After weeks of waiting Montreal Canada‘last position ended, the temporary card was off and the man behind the bench was finally here to stay.
Martin St-Louis put pen to paper on a three-year deal to become the 32nd head coach in Montreal Canadianiens history on Wednesday. Hockey Hall of Famer has revived hope in Habs’ fanbase despite one of the worst seasons in franchise history.
Laval, 46 years old, Que. native, while aware that there is a long process ahead, said he enjoyed the three-year opportunity to work with general manager Kent Hughes and vice president of hockey operations Jeff Gorton to build rebuild the team.
“It gave me time and an opportunity to build something,” St-Louis said of the length of his contract. “It’s not something done in a day but I believe we’ve made strides in the last two or three months last season, we’re not going to start from scratch. It will be progress step by step. ”
Quickly turning the club into a rival is not part of St. Canada is already a young team and has younger plans after the NHL Draft, where the team was notably the first overall selection team.
For St-Louis, creating opportunities for players to play and develop was paramount during his tenure and “success will be a side effect”.
“When you’re a young team, of course winning is important but can we build something where we’re going to be successful year after year?” St-Louis said. “That can take some time to build but if the plan is to always win the next game you can win more games but I think that’s short-term success.”
“It’s about continuing the process to build an environment where the team will get to the knockout stages year after year and the players will hit their ceiling. If we do that, I think the players will be in an environment where they will be able to win when that counts. ”
With the top pick likely joining the team as soon as next season, St-Louis reflected on his time with the Tampa Bay Lightning. Steven Stamkos joined Lightning as the first overall pick in 2008 when he was still a player. They weren’t a good team then, he argued, but Stamkos helped lift Tampa Bay to a two-time Stanley Cup champion.
“It’s a good situation for whoever we pick as number one,” St-Louis said.
“He’s going to come and if he’s ready to play, it’s going to be a great environment for him.”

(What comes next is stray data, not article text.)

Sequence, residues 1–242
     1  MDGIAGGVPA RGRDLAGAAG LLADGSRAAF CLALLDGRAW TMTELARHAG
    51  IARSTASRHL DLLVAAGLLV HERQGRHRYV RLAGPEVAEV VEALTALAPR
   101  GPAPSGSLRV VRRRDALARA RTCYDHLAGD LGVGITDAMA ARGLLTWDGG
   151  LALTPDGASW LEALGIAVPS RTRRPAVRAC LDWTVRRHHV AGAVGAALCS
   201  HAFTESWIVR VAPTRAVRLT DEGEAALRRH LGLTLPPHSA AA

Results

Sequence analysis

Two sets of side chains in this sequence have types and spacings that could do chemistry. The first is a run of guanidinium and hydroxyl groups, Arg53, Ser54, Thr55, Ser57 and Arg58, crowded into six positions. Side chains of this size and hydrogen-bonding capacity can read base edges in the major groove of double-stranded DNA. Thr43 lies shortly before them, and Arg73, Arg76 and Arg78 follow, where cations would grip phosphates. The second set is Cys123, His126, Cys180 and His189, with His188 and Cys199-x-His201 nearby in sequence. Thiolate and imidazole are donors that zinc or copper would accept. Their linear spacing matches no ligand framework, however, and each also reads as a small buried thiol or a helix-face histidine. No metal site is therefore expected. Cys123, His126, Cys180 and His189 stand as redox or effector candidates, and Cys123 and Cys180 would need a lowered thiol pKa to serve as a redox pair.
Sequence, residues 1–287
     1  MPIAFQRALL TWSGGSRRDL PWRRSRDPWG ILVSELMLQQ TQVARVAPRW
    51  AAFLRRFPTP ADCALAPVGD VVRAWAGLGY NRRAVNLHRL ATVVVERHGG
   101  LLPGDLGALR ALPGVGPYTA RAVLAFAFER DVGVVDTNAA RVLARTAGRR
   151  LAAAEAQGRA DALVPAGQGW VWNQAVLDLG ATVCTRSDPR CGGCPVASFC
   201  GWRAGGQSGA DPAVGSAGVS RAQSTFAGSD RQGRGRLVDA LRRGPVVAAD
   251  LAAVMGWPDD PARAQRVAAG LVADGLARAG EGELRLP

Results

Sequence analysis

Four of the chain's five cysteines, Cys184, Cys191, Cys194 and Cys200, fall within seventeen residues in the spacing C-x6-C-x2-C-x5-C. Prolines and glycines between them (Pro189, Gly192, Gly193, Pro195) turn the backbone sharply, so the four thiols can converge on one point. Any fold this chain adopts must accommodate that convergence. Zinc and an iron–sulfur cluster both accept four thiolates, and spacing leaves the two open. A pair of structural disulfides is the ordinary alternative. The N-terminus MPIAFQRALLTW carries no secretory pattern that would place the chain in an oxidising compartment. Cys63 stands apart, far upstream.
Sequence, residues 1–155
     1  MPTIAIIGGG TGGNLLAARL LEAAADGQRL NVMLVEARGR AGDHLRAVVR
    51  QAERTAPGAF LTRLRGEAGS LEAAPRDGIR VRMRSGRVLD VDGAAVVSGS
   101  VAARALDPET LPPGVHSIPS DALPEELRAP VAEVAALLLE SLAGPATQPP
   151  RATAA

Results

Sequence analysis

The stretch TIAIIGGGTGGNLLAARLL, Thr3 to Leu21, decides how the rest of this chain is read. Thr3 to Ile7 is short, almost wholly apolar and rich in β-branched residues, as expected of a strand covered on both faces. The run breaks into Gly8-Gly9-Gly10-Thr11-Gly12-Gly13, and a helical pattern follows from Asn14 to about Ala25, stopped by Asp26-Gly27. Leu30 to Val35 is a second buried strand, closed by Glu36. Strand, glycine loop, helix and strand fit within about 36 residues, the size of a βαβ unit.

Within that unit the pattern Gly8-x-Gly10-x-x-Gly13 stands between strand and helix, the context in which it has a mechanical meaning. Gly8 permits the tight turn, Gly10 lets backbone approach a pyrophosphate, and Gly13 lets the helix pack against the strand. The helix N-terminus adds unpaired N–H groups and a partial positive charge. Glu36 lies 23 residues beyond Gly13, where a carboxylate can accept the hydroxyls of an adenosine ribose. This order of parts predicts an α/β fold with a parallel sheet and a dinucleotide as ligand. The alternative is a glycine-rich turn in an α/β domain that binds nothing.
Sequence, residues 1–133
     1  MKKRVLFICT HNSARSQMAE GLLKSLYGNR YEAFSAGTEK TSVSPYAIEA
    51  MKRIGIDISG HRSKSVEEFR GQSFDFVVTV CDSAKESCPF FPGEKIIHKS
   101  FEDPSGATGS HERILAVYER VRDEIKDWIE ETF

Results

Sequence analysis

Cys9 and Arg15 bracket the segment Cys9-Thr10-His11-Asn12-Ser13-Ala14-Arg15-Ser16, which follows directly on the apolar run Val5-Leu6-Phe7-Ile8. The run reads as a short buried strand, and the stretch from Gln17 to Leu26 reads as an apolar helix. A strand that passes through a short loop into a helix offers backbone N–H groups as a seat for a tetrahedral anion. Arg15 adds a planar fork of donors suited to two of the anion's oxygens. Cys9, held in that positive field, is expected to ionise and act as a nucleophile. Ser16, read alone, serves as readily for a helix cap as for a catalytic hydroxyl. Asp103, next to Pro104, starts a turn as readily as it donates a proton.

St-Louis added that the most important task ahead of the three years in Montreal was to “reinforce the culture”. He looks forward to his first training camp to begin laying the groundwork.
“(We) need to grow on what we did and it will happen day by day. I think we have eight games in training camp so we’re going to keep building – but the most important thing for me is to keep building the culture,” he said.
One player still in doubt for the upcoming training camp is Carey Price. The goalkeeper returned at the end of last season after a difficult year with a knee injury and various setbacks.
“If Carey can’t play, he can’t play. It’s not going to change what we’re going to do at camp, how I’m going to prepare the team,” he said. “It’s up to Kent Hughes and Jeff Gorton to know where Carey is and whether he’s playing or not. For me as a coach, I build my camp and I won’t stop at who will be there or not. ”
St-Louis said his team will not have Stanley Cup ambitions but will focus on achieving a smaller set of successes to keep hope alive throughout the campaign.
“I always start the new year with the goal of reaching the knockout stages. Is that goal realistic? Yes, but expectations need to be realistic in relation to where we are as an organization, to the people we have and the growth we want to make,” said St-Louis. . “I attach great importance to our preparation, in terms of training camp, to be able to play the first game. We need to set ourselves short-term goals and then maybe things will become more realistic.”
“Are we going to take big steps or small steps? I don’t know but my goal is to move forward step by step.”
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